David Chase’s vivid, evocatively amorphous portrait of a New Jersey teen and his garage band in the first flush of the British Invasion. Who says you can’t get no satisfaction?

Beasts of the Southern Wild
Benh Zeitlin’s Louisiana-set odyssey is a sort of folkloric myth laced with modern ecological anxieties—all captured in a free-form, image-driven narrative. What a camera subject he has in little Quvenzhane Wallis—under a mop of hair that little moppet face is clear and soft and watchful.

The Perks of Being a Wallflower
Stephen Chbosky directs (from his book) what comes on like a rather conventional coming-of-age story—but turns out to be unusually raw, painful, and finally elating. The young hero is in a place I’d wager all of us have been: He can’t feel the bliss of togetherness without simultaneously seeing it all slip away.

Monsieur Lazhar
Teacher movies tend to be more alike than unalike, but this Quebec drama makes the familiar strange—and heartrending. The more we learn about the Algerian title character, the more we understand his fierce conviction that in a world of senseless death, the classroom must remain untouched: a sacred space.

Sean Baker’s deceptively naturalistic, unexpectedly penetrating profile of a young porn actress (Dree Hemingway) and the lonely, cranky old woman who takes her out of her life.

Heidi Ewing and Rachel Grady’s latest documentary is a haunting, impressionistic portrait of a crumbling, increasingly depopulated major American city, suffused with death but maybe—maybe—on the brink of resurrection.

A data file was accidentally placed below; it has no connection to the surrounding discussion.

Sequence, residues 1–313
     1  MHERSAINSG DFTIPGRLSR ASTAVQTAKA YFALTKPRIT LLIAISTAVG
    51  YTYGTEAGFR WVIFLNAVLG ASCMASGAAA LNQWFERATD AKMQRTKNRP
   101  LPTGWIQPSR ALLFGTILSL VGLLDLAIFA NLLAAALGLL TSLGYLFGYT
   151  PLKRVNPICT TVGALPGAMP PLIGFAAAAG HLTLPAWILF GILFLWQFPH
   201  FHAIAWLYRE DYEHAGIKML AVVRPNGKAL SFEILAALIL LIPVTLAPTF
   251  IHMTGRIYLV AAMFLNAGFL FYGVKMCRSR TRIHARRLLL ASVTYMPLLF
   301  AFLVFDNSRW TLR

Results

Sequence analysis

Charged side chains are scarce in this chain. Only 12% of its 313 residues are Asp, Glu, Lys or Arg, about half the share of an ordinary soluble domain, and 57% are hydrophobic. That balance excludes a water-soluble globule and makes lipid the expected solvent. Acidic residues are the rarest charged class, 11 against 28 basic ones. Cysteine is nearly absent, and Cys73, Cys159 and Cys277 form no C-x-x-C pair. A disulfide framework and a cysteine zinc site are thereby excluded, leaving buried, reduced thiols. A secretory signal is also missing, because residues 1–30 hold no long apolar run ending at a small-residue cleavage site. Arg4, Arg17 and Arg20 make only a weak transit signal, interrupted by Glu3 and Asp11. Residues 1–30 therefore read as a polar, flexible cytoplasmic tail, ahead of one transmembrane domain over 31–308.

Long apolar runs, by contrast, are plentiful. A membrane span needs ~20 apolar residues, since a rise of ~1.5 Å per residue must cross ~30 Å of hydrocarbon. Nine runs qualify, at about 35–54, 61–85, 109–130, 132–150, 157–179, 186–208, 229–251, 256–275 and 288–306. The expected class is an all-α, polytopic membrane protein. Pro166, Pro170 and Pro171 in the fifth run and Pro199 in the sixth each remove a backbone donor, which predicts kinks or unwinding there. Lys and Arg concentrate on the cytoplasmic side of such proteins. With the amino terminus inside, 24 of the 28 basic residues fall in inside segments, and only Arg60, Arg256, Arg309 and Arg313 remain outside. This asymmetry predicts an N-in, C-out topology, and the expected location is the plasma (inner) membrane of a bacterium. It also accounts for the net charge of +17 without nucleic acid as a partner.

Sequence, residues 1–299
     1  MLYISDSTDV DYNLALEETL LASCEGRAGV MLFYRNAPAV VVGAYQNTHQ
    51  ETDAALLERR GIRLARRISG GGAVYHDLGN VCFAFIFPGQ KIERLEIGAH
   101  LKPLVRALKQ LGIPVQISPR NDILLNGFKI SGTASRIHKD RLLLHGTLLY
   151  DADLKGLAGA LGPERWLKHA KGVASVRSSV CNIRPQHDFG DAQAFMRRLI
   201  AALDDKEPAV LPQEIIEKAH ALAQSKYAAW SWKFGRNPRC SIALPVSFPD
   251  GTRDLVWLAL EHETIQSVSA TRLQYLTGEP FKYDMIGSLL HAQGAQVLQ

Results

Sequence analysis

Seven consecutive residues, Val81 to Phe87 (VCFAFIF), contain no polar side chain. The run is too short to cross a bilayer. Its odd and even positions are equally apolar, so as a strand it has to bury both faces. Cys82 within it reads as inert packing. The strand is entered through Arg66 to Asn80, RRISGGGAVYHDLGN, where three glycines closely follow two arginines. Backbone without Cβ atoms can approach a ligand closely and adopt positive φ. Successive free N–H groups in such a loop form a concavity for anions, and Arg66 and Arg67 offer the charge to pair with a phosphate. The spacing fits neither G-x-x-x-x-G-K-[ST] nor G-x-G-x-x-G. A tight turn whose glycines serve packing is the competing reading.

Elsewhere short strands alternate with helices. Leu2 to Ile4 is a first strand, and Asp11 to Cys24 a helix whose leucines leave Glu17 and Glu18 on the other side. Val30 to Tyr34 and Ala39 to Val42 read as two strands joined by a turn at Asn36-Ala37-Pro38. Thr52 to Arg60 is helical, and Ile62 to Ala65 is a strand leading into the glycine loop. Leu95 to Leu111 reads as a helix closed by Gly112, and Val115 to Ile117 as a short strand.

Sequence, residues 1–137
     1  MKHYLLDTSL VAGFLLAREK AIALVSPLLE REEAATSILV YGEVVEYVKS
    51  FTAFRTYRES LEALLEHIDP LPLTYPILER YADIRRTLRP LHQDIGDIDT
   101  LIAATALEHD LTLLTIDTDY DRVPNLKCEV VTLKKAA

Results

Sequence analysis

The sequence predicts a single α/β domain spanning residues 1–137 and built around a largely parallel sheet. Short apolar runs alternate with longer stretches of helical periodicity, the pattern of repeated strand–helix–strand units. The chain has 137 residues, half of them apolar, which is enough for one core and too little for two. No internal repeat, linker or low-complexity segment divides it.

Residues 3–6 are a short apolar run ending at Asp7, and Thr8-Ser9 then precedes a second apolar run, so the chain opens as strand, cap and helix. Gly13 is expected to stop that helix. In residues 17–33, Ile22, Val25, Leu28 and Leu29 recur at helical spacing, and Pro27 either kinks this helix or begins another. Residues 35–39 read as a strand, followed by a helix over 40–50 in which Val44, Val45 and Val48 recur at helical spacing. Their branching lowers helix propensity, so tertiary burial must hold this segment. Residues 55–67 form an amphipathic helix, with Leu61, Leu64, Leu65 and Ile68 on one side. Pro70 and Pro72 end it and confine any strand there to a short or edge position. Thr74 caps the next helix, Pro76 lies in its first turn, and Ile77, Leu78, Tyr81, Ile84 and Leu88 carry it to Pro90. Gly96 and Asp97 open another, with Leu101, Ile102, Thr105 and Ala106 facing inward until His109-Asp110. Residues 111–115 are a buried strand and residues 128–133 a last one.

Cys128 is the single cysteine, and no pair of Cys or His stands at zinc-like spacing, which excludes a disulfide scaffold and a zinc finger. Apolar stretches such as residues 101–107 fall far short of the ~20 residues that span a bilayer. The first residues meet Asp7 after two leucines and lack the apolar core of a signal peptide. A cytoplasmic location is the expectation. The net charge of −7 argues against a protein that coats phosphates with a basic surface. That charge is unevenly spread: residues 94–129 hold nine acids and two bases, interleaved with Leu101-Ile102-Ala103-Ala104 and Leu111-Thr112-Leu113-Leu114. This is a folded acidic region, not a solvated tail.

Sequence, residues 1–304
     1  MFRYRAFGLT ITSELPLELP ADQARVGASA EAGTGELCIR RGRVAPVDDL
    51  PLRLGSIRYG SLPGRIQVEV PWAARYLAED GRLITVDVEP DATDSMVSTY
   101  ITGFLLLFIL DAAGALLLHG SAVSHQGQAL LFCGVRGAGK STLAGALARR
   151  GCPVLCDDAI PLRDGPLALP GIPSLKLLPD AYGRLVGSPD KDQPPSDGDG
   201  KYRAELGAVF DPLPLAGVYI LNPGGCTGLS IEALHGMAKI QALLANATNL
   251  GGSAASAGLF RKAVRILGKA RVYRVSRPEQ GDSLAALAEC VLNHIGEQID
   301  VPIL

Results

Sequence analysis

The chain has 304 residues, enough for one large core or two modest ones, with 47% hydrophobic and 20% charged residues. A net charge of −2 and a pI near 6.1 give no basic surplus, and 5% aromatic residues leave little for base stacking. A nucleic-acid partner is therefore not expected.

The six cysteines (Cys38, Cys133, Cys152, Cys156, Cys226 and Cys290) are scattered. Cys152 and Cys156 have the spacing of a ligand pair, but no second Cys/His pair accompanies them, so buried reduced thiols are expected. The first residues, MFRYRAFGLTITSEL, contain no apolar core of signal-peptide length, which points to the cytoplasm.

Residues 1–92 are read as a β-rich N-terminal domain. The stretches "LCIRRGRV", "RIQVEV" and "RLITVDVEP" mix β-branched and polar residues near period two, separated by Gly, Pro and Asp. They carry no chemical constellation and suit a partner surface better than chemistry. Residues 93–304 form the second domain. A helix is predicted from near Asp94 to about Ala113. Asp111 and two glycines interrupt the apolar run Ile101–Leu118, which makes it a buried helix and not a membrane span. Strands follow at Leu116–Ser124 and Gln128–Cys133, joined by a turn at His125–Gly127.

Killer Joe
William Friedkin’s gangbusters adaptation of an early play by Tracey Letts is a grandly gory family drama in the Chicago Steppenwolf Theater tradition of characters who get in one another’s faces from the get-go and then get more invasive. A snaky Matthew McConaughey in a black cowboy hat leads the killer cast.

Director Sam Mendes’s Skyfall has a cheeky attitude toward James Bonds old and new—toward the conflict between the traditional Bond established by Sean Connery and the rough, hurting, rather self-indulgent persona of Daniel Craig’s Bond. Mendes and co-writer John Logan run out of invention in the last act, but until then this is an unusually funny, literate action picture with a cavalcade of glorious stunts and a mythic nutcase villain in Javier Bardem.

Silver Linings Playbook
The best thing about David O. Russell is that he cultivates his disequilibrium, and this borderline rom-com with a seriously disturbed hero (Bradley Cooper) and almost equally disturbed heroine (Jennifer Lawrence, with an unexpected, deep-toned weirdness) is often exhilarating.

Take This Waltz
Sarah Polley’s sophomore film tested patience with its weepy heroine (Michelle Williams—scary good) who’s torn between a nice, complacent husband and a live-wire would-be lover, but her filmmaking is thrillingly plugged in to the character’s emotions.

Liza Johnson’s very fine drama centers on an unstable returning vet (a remarkable Linda Cardellini). She’s visibly relieved to be home—but not remotely at home. The film is quiet and naturalistic, but its plainness is suffused with anguish.

To come in December: my picks for the year’s best performances—and worst movies.

Edelstein’s Runners-up for the Year’s Best Films